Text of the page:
TriCure AD™ multi-molecular soil surfactant improves soil surface dry-down and prevents hydrophobic conditions. Its three different active surfactant chemistries mean that it can treat all types of rootzone particles and can be applied at much lower rates (like for like) than competitor surfactants. “We are now applying TriCure AD™ on a monthly basis throughout the summer, on all greens, tees and approaches. In the winter we switch over to monthly applications of Terafirm™ advanced soil penetrant which has been really impressive.”

“Because we try and keep inputs to a minimum as part of our organic matter control, you can just begin to tell when the Terafirm™ is reaching the end of its field longevity and then, after spraying, the difference is quickly noticeable – the greens are firm, dry and free-from puddling. We had some lovely feedback from local Course Managers on the condition of our greens, even following the heavy rainfall we saw in January of this year.”

Richard concludes, “I used Headland products at my previous club and have always been impressed with the results. This is the first time I’ve been responsible for pricing up supplies and, having seen that the Headland products were competitive, we have converted our entire nutritional programme over to Headland over the last 15 months with fantastic results course-wide.”

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Good things come in small packages

Good things come in small packages: ‘Good things come in small packages’ has never been truer than when discussing the TYM T194 compact utility tractor. Packed with all the key features and functions of a larger tractor but in a neat and compact package, the T194 truly offers the best of both worlds.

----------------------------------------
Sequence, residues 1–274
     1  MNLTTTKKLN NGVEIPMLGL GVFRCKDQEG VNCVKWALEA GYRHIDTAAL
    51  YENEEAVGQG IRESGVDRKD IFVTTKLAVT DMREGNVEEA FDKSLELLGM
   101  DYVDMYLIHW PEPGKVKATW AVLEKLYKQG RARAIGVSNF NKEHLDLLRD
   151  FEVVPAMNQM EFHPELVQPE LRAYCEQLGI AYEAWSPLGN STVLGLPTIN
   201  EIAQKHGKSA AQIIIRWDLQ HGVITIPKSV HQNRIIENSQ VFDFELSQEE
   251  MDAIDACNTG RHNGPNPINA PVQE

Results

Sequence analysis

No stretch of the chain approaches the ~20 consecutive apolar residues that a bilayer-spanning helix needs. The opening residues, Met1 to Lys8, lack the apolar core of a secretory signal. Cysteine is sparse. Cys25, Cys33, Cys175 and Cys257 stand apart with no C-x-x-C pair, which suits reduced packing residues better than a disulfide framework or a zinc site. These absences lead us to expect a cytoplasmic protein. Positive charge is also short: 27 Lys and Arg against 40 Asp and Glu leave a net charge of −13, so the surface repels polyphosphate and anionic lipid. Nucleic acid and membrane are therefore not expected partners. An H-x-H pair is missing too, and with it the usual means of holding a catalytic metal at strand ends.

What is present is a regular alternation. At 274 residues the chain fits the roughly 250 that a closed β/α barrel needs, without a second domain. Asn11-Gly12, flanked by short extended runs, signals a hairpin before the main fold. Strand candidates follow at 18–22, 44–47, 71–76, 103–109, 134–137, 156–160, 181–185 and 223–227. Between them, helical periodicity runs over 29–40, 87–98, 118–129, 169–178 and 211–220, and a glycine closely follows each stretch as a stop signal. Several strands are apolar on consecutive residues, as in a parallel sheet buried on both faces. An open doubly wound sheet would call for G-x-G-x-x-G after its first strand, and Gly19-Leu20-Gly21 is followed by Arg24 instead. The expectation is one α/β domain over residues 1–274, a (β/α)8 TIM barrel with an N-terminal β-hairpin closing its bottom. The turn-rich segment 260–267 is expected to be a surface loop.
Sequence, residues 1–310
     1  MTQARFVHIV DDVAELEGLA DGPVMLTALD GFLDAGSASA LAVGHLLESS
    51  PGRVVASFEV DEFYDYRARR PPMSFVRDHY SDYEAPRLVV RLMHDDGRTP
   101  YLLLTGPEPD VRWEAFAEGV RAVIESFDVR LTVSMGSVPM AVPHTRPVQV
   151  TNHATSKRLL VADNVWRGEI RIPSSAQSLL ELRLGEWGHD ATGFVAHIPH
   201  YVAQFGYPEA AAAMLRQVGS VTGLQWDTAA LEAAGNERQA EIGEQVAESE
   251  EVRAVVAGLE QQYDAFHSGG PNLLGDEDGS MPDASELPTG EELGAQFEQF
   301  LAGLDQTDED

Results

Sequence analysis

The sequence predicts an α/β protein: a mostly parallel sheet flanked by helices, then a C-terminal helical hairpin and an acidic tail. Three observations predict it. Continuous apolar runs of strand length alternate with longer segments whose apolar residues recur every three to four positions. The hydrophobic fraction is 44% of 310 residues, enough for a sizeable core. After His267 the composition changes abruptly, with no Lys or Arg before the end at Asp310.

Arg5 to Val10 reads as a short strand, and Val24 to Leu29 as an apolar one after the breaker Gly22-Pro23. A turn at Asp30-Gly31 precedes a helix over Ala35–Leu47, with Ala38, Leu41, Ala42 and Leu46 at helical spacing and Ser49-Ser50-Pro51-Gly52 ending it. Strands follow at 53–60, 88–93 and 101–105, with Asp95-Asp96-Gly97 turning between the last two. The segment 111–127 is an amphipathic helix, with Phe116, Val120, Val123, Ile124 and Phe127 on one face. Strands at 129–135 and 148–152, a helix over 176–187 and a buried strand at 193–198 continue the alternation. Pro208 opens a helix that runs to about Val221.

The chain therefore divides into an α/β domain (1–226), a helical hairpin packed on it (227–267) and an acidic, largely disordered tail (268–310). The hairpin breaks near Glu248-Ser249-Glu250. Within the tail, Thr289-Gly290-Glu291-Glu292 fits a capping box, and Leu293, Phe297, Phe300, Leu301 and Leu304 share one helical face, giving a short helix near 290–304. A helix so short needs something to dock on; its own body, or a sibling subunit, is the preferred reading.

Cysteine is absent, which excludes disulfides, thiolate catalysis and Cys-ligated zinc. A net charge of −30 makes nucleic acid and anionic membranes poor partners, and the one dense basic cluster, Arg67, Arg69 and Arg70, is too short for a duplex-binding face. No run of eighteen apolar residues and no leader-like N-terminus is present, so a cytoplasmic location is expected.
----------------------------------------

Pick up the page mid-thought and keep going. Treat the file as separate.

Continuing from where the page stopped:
Delivering power, productivity, versatility and efficiency, the T194 has been designed with simplicity and practically in mind. The 19hp Yanmar three-cylinder engine packs a punch and gives you all the power you need, while its 650kg weight means it’s light enough to avoid damaging turf.

Good things come in small packages

Good things come in small packages

Its powerful HST transmission includes the fatigue busting ‘auto throttle’ system which conveniently links the HST pedal to the engine throttle. Equipped as standard with a 54-inch mid-mounted deck, with cutting heights from one to four inches, mowing heights can be adjusted from the operator’s seat via the onboard height-of-cut lever which is easy and intuitive to set. Plus, the T194 can also be specified with a front loader, further enhancing the uses for this small but powerful machine.

For customers looking to do more, the tractor comes with category one three-point linkage and 540 rpm rear PTO which allows for numerous rear-mounted attachments to be fitted and enabling it to be used for other tasks such as sweeping and aerating.

This is all topped off with a simple and easy to understand dash panel that gives the operator an overview of all the tractor’s functions, in addition to the overall control layout which has been designed with user operation in mind, for seamless and easy control.

The customer reviews for the T194 speak for themselves. The T194 was recently praised as being “instrumental” in the management of Douglas and Alex Chalmers’ Nags Head Farm in Cumbria.

“We use the tractor around three times a week, and it’s been instrumental in getting jobs done around the farm; we would have really struggled without it,” says Douglas.